© Reuters. FILE PHOTO: A Cruise self-driving car, which is owned by General Motors, is seen outside the company’s headquarters in San Francisco, California, U.S., September 26, 2018. REUTERS/Heather Somerville/File Photo
By Greg Bensinger and David Shepardson
(Reuters) -General Motors’ Cruise robotaxi unit dismissed nine key people amid an ongoing safety investigation, according to a memo seen by Reuters on Wednesday, which the company confirmed included Chief Operating Officer Gil West.
The investigation relates to an Oct. 2 incident in which a woman was struck and dragged by a Cruise vehicle in San Francisco.
The shakeup follows weeks of turmoil at the robotaxi unit, which had to pull all its vehicles from testing in the United States to conduct a safety review after the accident. CEO Kyle Vogt and co-founder Dan Kan both resigned in recent weeks and Cruise is preparing for a round of layoffs this month.
“Following an initial analysis of the October 2 incident and Cruise’s response to it, nine individuals departed Cruise,” according to the memo.
“We are committed to full transparency and are focused on rebuilding trust and operating with the highest standards when it comes to safety, integrity, and accountability,” the memo said. “As a result, we believe that new leadership is necessary to achieve these goals.”
The Cruise spokesperson confirmed that among those dismissed was also Chief Legal and Policy Officer Jeff Bleich and Senior Vice President of Government Affairs David Estrada.
Cruise’s troubles are also a setback for an industry dependent on public trust and the cooperation of regulators. The unit had in recent months touted ambitious plans to expand to more cities, offering fully autonomous taxi rides.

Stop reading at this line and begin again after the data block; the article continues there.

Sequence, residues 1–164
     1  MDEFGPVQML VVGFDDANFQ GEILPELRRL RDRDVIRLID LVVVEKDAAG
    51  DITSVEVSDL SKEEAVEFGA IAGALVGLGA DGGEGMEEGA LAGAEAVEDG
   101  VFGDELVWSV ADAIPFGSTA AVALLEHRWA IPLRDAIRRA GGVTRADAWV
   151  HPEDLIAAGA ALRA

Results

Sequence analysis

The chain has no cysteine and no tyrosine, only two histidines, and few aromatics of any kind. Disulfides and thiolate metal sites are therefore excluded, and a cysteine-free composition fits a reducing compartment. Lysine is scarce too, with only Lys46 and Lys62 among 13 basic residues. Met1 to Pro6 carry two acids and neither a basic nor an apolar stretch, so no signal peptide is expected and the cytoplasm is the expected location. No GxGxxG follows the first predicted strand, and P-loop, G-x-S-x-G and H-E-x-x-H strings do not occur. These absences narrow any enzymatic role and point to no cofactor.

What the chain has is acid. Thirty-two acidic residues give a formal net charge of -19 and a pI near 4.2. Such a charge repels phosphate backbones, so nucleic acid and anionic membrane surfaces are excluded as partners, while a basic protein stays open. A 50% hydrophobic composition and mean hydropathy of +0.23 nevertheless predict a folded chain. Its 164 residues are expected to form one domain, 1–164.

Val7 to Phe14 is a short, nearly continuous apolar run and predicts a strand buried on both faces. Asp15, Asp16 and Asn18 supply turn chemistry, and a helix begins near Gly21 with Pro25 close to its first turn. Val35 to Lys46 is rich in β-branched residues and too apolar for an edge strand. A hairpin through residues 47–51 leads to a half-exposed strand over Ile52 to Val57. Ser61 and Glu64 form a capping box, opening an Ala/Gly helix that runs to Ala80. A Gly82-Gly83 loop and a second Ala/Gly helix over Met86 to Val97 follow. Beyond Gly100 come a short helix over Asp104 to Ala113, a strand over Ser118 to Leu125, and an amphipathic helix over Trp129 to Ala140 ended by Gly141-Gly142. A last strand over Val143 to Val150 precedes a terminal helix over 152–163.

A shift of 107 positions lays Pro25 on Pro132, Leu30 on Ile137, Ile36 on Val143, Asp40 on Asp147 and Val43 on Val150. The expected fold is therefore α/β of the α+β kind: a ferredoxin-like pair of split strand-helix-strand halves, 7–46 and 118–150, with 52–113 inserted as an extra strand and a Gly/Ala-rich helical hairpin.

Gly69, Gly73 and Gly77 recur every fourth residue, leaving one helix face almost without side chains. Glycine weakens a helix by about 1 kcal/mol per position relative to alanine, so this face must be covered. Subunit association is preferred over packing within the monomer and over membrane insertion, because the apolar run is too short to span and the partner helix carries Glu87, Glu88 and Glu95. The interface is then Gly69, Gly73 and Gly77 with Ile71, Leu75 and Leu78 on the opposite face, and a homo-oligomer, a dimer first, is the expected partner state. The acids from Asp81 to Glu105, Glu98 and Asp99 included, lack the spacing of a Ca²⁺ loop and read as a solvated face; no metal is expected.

The investigation, led by law firm Quinn Emmanuel, is expected to last until January, GM has said.
“The personnel decisions made today are a necessary step for Cruise to move forward as it focuses on accountability, trust and transparency,” GM said in a statement.
In October, the California Department of Motor Vehicles ordered Cruise to remove its driverless cars from state roads, calling them a risk to the public and saying the company had misrepresented the safety of its technology.
Further, the National Highway Traffic Safety Administration in October opened an investigation into pedestrian risks at Cruise.
Cruise could face $1.5 million in fines and additional sanctions over its failure to disclose details surrounding the accident, a California agency has said.
Mo Elshenawy took over as Cruise’s president last month and told an all-hands meeting earlier in December that the autonomous vehicle unit has hit an “all time low.”